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Will insurance in PA cover an accident if the car has expired emissions, and state inspection stickers?

Pittsburgh, PA |

I just realized that my car is due for inspection and I know I need tires. I have an appointment to get new tires tonight but of course it snowed today and I am nervous driving, if I would get into an accident with expired stickers will my insurance still cover the damages

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Attorney answers 5


Unless there is a specific Pennsylvania statute or a specific exclusion stated in your insurance policy which would bar coverage if your stickers have expired, you are covered. I have never encountered any policy which excludes coverage when there is an expired sticker, but that doesn't mean that the insurance company wouldn't try to stick that kind of provision in the policy. Even if it was there, it may well be against your state's insurance regulations or the public policy of your state and therefore invalid.

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Unless there is a specific exclusion under the agreement, it's difficult to see how the condition of the car and its tires will affect coverage. Now, if you were to run the car in that condition for a long period of time, that may be deemed willful indifference, and willful conduct just may be excluded under the insurance contract.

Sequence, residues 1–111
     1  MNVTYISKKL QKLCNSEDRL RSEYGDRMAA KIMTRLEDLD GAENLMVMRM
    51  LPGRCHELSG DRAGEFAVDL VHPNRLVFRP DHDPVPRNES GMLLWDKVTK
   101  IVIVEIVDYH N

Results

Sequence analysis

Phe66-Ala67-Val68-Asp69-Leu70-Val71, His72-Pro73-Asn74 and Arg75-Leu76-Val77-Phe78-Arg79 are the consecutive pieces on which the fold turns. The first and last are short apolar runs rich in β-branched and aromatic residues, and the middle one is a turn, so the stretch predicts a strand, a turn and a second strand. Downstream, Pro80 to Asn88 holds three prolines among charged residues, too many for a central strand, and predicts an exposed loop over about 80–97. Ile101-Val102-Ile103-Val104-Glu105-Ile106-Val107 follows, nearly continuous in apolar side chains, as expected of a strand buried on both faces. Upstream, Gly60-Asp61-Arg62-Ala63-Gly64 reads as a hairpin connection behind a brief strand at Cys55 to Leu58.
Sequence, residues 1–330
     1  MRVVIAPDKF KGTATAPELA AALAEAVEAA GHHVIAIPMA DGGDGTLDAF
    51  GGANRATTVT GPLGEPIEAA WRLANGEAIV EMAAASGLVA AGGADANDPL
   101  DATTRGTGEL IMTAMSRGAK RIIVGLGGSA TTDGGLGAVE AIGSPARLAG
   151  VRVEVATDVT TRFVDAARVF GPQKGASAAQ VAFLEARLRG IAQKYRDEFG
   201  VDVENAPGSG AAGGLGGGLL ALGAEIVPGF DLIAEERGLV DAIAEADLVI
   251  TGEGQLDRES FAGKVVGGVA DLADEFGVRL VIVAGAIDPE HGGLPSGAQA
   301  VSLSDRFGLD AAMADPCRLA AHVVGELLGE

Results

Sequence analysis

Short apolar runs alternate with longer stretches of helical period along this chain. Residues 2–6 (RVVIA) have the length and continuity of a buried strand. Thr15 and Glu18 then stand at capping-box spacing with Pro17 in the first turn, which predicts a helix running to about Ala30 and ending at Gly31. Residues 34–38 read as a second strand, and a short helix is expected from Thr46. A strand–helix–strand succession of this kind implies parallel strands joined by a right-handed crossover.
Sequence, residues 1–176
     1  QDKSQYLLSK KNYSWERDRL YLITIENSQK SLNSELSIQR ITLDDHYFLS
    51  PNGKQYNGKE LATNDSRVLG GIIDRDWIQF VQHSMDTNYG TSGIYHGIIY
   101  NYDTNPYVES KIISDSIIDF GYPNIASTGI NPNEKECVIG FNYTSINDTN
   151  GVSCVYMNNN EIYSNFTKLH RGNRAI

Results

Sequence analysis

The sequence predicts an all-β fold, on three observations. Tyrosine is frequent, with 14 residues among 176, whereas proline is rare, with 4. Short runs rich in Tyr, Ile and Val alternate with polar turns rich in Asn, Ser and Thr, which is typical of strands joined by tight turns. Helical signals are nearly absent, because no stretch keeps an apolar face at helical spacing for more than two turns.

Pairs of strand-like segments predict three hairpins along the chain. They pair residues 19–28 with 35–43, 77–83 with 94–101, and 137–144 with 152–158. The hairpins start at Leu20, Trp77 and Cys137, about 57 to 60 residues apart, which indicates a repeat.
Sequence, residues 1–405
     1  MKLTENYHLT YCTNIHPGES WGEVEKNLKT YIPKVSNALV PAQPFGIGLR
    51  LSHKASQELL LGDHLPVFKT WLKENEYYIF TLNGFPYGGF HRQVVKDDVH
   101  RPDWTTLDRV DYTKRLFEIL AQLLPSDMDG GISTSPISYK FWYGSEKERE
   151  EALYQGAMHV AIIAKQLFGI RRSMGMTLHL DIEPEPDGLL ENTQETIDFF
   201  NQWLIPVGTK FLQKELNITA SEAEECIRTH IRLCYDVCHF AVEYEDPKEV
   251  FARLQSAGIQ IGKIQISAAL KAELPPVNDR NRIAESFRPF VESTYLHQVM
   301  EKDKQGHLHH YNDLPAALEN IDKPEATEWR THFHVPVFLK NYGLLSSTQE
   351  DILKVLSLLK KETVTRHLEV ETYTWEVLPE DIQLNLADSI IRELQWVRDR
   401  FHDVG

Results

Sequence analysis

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Your insurance should stil cover the damages, unless their is an exclusion or some other limitation in your policy. However, my suggestion would be that you make certain to get the new tires as soon as possible,


Yesl The questions are whether your car is insured and registered. Every insurance policy I have seen has had a grace period for inspections. We all neglect to have our cars inspected. I do it all of the time. Mick Leonard, J.D.


Coverage under your policy is dictated by the terms of the policy. If the accident resulted because of some issue related to a systems failure in the vehicle that would have been corrected at a state inspection & emissions check, then you may have to examine the exclusions portions of your policy a bit closer to ensure that they cannot deny coverage for some failure on your part to exercise your due diligence in maintaining your vehicle. Unless there is a direct correlation and a clear provision in the policy, I would not worry about it - turn in the claim and get that car inspected, before you get ticketed.

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